Week seven saw one of the shortest “crossover” days in anyone’s memory with both the House and Senate finishing their calendars by 5:00 p.m. “Crossover” day is the date by which all bills have to “cross over” from the house of origin to the other chamber. The Main Run ends next Friday, March 14, followed by a two-week break before Veto Day on March 31.
Of the 458 bills and joint resolutions introduced this year, 221 were still alive at the end of last week, requiring further action. The governor has signed 52 bills, many of them cleanup bills which get rid of obsolete statutes.
One of the bills passed last week is an act to require insurance coverage for treating certain autism spectrum disorders. Although the insurance companies were opposed to an additional mandate, parents of autistic children spoke strongly in support of the bill. HB 1257 has been referred to Senate Commerce and Energy Committee.
The Senate Ag and Natural Resources committee voted to table HB 1097, which would have clarified the definition of agricultural land for taxation purposes. The current definition has been amended multiple times since first being enacted in 1979. Although there was widespread agreement that the definition needs to be improved, the general consensus is that the issue should be studied in depth by the Ag Land Tax Assessment Oversight Committee and a comprehensive bill brought in next year.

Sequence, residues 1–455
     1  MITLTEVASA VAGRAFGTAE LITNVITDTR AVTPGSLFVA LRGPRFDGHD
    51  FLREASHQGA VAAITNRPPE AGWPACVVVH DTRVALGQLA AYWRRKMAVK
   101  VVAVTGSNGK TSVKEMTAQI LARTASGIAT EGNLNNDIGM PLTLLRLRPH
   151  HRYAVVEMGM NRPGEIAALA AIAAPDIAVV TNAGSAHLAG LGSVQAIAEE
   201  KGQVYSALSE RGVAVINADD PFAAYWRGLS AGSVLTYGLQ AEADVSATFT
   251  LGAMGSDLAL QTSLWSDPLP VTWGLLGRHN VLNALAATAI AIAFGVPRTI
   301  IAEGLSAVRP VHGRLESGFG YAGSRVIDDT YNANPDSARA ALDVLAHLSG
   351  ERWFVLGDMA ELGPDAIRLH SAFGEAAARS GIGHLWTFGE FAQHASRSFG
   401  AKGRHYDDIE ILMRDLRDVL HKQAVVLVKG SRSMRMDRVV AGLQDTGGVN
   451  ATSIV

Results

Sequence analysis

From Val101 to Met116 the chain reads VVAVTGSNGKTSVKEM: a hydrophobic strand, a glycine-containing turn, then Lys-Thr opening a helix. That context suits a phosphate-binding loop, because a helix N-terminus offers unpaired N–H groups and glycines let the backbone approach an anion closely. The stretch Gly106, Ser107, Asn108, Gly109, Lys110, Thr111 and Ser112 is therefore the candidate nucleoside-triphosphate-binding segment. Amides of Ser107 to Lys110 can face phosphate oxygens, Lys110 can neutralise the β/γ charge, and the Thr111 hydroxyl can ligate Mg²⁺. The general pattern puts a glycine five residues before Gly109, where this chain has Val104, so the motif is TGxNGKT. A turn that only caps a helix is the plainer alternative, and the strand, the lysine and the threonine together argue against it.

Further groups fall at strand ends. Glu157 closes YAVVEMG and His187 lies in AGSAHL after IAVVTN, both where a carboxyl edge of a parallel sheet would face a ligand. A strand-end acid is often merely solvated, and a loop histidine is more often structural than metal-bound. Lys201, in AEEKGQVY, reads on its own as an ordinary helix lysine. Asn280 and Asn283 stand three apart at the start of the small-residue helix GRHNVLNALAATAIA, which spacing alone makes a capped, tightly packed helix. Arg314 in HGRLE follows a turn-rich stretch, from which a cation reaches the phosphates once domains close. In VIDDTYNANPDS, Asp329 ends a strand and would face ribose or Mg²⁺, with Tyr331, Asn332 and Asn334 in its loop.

One bill that has been generating a great deal of interest is SB 114, to establish a wine direct shipper license. This would allow both in-state and out-of-state wineries to become licensed to ship wine in South Dakota. We are one of nine states that do not allow direct shipments of wine. The bill passed the Senate on a vote of 23-11 and has been referred to House Commerce and Energy Committee.
Revenue projections will be presented to the Legislature on Monday, March 10. This will form the framework for adopting the state’s FY2015 budget. That will be the major focus the final week of Session. At the same time, there are ongoing discussions about potential Medicaid expansion as well as increased funding for K-12 education.